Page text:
Linux Logout user / Logoff User Commands

Posted on in Categories , , last updated November 9, 2013

I am a new Linux sysadmin. I am using Linux on HP server. How do I logout users from my systems? How can I forcefully logoff any user using bash shell on Linux?

A root user can logout and kill any user session forcefully using the following commands:

a) pkill command – Kill processes by name.

b) kill command – terminate or signal a process.

c) logout command – Logout of a login shell. This command can be used by normal users to end their own session.

logout command syntax and example

If you are logged in as nixcraft user and just wanted to exit a login shell type the following command or hit CTRL+D:
$ logout
You will be logout of a login shell session or secure shell session.

Task: Linux logout all other users

If you would like to logout other users, you must login as root user. Next you need to use the pkill command.

pkill command syntax

The syntax is:

pkill -KILL -u {username}

Warning: Do not kill root user or other system level user process. The following example, will kill all process on your server. Do not run the pkill for root user:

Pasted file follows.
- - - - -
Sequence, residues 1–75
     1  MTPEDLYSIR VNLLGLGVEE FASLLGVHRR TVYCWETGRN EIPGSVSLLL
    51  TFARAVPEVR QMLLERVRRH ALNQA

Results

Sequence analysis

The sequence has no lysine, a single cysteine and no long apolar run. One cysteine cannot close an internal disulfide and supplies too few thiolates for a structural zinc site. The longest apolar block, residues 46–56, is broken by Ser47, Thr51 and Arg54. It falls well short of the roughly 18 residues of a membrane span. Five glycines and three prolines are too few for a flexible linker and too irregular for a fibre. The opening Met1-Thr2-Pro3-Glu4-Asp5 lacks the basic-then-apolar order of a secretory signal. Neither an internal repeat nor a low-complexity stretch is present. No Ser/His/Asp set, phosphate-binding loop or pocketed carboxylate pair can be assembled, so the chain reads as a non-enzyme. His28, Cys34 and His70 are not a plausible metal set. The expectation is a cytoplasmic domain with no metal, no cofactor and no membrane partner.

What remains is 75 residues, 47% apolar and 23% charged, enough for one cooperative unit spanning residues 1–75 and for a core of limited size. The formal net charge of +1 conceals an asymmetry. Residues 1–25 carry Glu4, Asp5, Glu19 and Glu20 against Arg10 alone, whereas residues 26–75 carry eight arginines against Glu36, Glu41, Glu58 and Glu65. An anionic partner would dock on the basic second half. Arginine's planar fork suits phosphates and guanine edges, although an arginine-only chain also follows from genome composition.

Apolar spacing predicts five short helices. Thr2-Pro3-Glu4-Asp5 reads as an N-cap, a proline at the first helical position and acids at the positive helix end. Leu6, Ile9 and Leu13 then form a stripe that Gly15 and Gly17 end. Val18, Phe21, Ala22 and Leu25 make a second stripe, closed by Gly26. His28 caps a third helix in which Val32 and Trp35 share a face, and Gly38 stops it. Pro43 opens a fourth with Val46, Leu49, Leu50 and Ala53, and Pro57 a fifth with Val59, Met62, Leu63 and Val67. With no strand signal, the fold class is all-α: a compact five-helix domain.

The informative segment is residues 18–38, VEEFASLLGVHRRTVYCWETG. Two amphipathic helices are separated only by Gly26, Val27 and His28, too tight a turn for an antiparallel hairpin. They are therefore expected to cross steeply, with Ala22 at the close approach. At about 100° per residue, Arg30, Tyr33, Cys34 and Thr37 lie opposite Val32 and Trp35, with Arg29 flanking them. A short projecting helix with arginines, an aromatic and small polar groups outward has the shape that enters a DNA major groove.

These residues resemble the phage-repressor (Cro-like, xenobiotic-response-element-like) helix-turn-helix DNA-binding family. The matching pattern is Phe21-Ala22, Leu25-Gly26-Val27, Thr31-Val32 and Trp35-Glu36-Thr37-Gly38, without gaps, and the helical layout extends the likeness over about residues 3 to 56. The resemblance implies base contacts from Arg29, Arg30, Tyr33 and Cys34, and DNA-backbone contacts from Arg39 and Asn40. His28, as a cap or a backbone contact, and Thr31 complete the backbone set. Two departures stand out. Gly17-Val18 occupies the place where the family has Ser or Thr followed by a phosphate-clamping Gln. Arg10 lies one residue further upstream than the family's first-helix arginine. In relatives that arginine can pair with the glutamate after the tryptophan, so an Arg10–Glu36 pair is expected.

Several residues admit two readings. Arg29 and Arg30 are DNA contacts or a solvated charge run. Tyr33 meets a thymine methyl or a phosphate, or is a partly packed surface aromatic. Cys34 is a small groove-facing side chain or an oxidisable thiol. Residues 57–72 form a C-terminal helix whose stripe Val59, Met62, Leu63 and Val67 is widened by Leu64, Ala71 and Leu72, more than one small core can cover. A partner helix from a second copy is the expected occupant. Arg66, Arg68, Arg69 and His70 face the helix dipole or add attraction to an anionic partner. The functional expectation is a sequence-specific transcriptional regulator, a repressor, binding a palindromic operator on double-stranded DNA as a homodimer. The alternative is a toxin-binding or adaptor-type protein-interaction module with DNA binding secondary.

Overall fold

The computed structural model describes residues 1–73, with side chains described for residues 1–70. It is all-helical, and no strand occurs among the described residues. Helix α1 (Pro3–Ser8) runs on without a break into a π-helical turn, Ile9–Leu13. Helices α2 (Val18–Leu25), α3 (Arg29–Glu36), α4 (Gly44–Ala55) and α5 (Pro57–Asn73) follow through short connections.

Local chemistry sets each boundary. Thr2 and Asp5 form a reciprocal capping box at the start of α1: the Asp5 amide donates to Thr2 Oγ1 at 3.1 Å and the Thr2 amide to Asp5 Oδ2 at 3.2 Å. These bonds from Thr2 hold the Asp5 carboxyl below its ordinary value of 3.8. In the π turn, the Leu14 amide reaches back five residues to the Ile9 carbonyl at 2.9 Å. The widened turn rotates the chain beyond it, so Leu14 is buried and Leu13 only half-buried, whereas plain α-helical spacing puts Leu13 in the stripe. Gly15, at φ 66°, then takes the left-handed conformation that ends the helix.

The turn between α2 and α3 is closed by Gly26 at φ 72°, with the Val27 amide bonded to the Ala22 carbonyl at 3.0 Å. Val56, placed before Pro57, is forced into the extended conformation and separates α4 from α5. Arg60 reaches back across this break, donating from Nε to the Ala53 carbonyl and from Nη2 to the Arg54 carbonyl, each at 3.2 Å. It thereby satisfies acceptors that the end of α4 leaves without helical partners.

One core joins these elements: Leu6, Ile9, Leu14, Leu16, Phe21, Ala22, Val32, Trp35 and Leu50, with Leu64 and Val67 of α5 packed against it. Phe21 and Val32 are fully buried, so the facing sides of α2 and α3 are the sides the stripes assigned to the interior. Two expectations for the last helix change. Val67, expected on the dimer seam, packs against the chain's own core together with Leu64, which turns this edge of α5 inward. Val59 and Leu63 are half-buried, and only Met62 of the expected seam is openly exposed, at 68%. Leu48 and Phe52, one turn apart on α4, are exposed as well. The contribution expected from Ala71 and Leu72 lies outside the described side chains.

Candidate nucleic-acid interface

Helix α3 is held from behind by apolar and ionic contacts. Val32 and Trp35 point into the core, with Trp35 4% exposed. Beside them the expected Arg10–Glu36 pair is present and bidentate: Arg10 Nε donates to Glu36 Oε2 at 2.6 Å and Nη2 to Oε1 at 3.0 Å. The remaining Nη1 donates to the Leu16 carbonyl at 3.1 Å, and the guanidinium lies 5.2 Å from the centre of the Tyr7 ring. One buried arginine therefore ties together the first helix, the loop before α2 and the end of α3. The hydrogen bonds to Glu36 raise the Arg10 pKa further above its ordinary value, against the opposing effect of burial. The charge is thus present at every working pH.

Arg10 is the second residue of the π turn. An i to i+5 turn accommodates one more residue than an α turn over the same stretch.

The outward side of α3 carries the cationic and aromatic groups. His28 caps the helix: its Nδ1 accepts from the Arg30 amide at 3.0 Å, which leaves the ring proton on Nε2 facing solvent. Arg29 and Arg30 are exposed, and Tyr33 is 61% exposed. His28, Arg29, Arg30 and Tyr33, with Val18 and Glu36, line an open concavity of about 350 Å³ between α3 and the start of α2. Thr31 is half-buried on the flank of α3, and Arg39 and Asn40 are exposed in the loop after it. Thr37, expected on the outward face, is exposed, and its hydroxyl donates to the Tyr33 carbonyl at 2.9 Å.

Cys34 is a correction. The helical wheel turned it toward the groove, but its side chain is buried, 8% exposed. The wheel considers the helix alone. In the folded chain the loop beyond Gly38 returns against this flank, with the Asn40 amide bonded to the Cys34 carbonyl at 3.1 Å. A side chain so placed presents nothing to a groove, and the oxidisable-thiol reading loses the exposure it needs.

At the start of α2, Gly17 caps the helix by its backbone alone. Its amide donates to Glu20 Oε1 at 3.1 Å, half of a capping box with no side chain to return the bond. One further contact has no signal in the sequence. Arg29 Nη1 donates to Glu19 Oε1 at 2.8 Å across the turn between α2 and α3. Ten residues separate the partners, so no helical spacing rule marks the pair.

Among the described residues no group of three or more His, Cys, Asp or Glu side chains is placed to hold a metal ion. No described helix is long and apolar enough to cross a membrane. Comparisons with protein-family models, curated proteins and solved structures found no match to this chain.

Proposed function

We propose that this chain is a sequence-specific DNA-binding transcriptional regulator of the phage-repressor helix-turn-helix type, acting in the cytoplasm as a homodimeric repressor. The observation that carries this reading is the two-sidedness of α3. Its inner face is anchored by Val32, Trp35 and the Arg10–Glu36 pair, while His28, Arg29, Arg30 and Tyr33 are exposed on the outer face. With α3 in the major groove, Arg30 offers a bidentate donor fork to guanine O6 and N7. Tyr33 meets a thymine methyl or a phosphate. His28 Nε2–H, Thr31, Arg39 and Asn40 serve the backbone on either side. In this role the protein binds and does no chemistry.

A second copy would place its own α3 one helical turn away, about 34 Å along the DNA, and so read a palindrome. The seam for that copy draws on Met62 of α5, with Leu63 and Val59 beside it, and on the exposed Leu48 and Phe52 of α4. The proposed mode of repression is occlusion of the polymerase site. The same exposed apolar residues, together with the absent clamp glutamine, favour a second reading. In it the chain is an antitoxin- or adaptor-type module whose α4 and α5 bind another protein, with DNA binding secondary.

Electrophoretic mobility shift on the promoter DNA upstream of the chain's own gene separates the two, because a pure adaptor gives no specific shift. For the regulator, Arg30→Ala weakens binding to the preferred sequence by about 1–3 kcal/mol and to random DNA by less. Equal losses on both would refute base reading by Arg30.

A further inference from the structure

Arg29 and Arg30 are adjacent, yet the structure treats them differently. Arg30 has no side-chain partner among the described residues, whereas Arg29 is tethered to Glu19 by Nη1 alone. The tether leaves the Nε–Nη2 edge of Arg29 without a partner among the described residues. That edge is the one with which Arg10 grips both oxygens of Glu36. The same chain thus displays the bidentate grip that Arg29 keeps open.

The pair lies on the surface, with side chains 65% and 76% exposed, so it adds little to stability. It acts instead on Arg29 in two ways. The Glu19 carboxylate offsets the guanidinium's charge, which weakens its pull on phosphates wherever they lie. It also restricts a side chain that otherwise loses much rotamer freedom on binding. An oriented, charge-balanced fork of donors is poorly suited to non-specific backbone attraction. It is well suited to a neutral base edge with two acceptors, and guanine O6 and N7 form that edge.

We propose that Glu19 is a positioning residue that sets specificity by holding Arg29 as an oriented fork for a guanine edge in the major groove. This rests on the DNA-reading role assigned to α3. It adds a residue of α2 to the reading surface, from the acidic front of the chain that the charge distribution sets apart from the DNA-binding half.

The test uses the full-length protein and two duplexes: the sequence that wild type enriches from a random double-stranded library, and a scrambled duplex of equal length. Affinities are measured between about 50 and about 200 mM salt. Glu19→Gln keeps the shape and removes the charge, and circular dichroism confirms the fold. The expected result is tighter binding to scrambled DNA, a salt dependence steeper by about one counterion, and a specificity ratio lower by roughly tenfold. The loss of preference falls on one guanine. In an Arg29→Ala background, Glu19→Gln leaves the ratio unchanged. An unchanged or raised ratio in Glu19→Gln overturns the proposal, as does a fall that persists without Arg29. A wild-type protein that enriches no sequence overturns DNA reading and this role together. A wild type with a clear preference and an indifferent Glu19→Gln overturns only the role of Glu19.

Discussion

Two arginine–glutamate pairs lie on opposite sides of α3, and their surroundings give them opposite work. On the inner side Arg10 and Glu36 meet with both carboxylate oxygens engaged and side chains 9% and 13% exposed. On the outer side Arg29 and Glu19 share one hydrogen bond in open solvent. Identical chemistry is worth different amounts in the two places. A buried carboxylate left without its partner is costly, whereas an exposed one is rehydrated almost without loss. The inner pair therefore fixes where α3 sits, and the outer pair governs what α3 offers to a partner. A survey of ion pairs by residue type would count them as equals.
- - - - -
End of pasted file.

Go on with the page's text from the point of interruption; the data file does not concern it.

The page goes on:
pkill -KILL -u root

To see list of logged in user type who or w command:
# who
OR
# w
To logout a user called raj, enter:
# pkill -KILL -u raj
OR
$ sudo pkill -KILL -u raj

See also

Posted by: Vivek Gite

The author is the creator of nixCraft and a seasoned sysadmin and a trainer for the Linux operating system/Unix shell scripting. He has worked with global clients and in various industries, including IT, education, defense and space research, and the nonprofit sector. Follow him on Twitter, Facebook, Google+.

23 comment

  1. if i logged twice from putty as same user root then if i want to logout one root user then how i would do it.As same user logged twice then in that case if i kill process of root -user then both will get kill…so is their is any ip based parameter to logout one root ?

  2. Wow. What bad information. Lets say you have root logged in under two sessions.

    pkill -KILL -u root

    That kills all processes owned by root. Meaning most system processes.

    Let’s say you have one user in multiple sessions and that user is not root. Well, you just killed both sessions, even if that’s not what you wanted.

    This is terrible advice, and the article should be called “Linux Kill All Processes by User”, and have nothing to do with “logging off”.

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